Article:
By far the most prevalent form of hair loss; indicated by an increased shedding that is noticeable by seeing more hairs in the basin after shampooing and in the brush or comb. Hair can be shed in this way for many reasons and the most well known is after having a baby. It does not happen to all and it does not happen to the same person after each pregnancy. Hairs throughout the pregnancy are held in the anagen phase of the hair growth cycle and the hairs that would have been shed throughout, plus those due to be shed naturally, all fall together within the first few months after the baby has been born. The situation takes time to get back to normal and if there is more excess shedding after six to nine months then it is wise to see the General Practitioner and have both thyroid and ferritin levels checked.
Telogen effluvium is the term used to describe large numbers of hairs going into the telogen phase and shedding two to four months later in a diffuse manner. TE is referred to as a reflective loss of hair and can be caused by thyroid disorder, low iron, diabetes, medications, and protein deficiency. This is not a definitive list as there are other causes, not least the effects of the sympathetic nervous system described generally as ‘stress’, to do with emotional upset.
This is a typical case showing a patch of alopecia areata.
The hair falls in the area from the centre outwards and in an active patch (hairs still falling) exclamation mark hairs can be seen around the edge of the patch. These are small broken hairs that come away easily. Sometimes they look like small black dots. The hair will start to grow back from the centre of the patch, as in the picture, fine hairs, often white, to start with. The colour and texture progress to normal over the months. This particular lady had three small patches develop at the age of 39yrs which fell in March 2000, and replaced by June of that year. Another two patches developed (one inch in diameter) four years later 2004, in May, hair grew back to normal again by the end of that year. No more losses of hair have been experienced since that time. I will keep you updated.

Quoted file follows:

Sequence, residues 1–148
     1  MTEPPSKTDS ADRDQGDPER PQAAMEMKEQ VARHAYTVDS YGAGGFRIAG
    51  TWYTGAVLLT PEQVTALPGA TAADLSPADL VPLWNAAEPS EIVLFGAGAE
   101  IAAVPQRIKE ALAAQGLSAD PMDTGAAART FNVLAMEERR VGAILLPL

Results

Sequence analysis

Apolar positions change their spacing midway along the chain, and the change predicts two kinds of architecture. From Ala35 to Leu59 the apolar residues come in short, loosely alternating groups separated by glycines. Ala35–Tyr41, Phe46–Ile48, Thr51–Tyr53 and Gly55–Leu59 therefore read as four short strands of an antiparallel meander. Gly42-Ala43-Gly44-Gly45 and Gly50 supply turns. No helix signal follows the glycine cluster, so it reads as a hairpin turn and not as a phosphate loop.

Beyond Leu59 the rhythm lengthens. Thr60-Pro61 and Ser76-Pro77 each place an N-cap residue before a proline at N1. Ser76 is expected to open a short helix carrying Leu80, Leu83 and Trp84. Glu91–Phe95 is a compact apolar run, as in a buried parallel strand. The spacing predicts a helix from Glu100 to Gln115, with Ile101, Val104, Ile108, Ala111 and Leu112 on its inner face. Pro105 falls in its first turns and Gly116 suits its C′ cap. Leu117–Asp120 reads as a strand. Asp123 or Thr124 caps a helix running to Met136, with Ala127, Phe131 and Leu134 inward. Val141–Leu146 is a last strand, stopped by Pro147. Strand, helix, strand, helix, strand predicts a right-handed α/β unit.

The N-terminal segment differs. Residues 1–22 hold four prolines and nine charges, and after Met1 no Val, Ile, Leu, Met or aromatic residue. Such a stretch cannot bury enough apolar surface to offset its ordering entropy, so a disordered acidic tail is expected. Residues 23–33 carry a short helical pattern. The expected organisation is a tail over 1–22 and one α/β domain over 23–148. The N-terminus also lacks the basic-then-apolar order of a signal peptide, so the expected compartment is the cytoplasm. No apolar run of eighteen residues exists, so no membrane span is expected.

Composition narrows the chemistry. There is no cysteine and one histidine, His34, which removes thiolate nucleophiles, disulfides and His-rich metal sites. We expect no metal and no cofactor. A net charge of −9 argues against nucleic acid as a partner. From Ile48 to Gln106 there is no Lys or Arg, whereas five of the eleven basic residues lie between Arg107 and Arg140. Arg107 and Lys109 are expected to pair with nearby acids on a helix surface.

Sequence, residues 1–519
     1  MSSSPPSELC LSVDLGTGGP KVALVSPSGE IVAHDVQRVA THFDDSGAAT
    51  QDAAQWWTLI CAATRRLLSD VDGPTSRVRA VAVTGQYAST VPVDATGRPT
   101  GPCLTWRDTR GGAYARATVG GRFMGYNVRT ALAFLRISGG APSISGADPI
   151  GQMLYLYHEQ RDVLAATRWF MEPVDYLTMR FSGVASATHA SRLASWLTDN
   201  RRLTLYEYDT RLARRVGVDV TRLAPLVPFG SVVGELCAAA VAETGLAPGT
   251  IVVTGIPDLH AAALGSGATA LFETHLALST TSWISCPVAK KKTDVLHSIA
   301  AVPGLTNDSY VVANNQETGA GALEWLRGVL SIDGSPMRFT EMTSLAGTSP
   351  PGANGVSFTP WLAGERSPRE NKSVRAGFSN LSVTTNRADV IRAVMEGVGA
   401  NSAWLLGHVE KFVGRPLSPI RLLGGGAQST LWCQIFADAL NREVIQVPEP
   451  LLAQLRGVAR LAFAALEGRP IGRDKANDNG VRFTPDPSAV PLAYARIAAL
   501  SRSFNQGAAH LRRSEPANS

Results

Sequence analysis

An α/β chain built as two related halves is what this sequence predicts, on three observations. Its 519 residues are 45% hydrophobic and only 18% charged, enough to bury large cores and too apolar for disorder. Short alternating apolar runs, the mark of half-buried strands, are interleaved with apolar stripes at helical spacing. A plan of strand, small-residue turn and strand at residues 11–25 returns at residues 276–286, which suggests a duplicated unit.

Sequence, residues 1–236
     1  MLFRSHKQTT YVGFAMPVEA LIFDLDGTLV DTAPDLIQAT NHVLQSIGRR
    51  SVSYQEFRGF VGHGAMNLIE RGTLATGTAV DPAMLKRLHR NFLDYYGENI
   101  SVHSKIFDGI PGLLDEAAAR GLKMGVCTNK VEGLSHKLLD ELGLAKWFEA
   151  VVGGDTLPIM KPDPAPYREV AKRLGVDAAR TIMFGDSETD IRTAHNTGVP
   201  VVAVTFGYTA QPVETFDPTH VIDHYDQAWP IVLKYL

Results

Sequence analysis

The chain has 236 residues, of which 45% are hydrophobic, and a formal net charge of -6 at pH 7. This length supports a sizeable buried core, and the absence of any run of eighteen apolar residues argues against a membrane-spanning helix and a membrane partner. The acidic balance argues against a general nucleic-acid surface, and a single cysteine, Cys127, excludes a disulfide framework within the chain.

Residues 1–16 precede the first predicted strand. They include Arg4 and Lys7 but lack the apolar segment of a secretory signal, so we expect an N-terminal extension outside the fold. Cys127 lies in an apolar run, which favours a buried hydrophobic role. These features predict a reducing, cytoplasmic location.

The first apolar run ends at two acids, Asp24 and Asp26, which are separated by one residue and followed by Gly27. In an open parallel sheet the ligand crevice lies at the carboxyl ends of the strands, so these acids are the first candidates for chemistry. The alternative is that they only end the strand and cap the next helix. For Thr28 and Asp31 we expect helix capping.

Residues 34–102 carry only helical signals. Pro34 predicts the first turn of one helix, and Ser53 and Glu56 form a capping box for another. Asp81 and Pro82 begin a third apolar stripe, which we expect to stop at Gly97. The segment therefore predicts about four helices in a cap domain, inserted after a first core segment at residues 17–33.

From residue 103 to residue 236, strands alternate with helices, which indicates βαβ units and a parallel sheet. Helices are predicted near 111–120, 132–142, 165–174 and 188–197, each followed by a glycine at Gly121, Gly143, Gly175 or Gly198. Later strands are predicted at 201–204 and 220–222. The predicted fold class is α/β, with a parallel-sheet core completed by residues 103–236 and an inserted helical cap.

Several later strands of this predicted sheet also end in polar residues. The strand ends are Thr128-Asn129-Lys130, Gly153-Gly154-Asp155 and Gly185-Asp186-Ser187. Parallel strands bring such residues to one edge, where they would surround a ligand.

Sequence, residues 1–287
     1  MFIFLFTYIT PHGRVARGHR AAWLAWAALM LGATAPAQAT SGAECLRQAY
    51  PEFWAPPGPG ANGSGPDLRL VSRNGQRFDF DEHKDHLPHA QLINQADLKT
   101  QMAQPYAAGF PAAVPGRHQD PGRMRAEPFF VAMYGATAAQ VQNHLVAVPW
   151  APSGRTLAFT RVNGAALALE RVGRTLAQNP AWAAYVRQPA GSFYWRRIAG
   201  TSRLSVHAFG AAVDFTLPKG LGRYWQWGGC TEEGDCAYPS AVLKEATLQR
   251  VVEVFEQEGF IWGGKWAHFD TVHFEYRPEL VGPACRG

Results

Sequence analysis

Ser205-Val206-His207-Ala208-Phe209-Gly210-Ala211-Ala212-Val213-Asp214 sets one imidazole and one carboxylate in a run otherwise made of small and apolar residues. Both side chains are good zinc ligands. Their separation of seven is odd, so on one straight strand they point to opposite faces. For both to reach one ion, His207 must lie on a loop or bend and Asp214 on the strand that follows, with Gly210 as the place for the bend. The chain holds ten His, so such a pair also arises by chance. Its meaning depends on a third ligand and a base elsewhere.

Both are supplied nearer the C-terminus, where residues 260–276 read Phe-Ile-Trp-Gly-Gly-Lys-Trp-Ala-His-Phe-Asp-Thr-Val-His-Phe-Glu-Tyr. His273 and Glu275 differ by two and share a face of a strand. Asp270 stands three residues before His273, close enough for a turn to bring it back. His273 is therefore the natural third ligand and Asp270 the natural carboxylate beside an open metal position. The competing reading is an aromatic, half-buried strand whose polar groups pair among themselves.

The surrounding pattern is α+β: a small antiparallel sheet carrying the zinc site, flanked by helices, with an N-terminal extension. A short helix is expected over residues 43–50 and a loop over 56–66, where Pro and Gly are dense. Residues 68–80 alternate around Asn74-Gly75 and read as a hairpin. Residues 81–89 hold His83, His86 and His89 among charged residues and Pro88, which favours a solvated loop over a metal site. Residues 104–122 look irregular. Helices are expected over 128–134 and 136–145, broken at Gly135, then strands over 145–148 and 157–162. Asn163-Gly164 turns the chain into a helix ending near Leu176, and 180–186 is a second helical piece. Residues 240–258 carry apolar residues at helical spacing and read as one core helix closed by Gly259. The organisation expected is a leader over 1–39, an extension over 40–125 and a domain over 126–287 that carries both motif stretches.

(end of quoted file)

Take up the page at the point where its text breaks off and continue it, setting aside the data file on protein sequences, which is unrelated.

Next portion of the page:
There are no cures. However, please request a blood test with your doctor for thyroid function as I have found that an early diagnosis of a thyroid disorder, followed by treatment, can be very beneficial for those suffering thinning and/or patchy loss of hair.
If the skin of the scalp in the area of the loss is spotty or red, or itches at all, then ensure you wash your hands and apply an antiseptic cream to the area twice a day, the trichologist will make up and supply suitable preparations (be sure they are licensed with the MHRA to do so) or ask your pharmacist. Always ask you doctor to look at the area as he/she can prescribe steroid preparations, if necessary, or refer you on to a dermatologist.
In most cases of alopecia areata the small patches grow back without any treatment. Use of a medicated or menthol shampoo alternated with a clear or liquid shampoo daily can help from a cosmetic point of view. Do remember; no more hair will fall out because of shampooing, best to keep the area clean. For some the need to apply a preparation to refresh and stimulate the area; I suggest the use of a menthol swab/drops twice daily.
Ultra violet light may be advised by the trichologist if there are signs of growth. This would only be used in very strict accordance with instructions. Controlled exposure to sun light can also be helpful. A holiday in the sun would be very beneficial. Covering the area is not the best thing to do, as fresh air and sun light are indicated if possible, or a loose hat.
Being that our body systems are so responsive to disturbing situations and events, with the consequence of adrenalin and cortisol rising to protect us, try to relax and be calm because the hair growth mechanisms respond to hormonal change and allow this disorder.
Hair loss will happen in very small patches that grow very slowly, are hardly noticeable at their onset, but go through periods of time when they progress a little more, and in some cases stop altogether to leave small bald areas that grow no further than the size of a thumb nail. The causes are of unknown origin, although bacterial infection and auto-immune factors have been looked at during research into such cases. The follicles are replaced by scar tissue and different to all of the above conditions. In some cases hair can be transplanted and great success is achieved by scalp reduction for areas of scar tissue.
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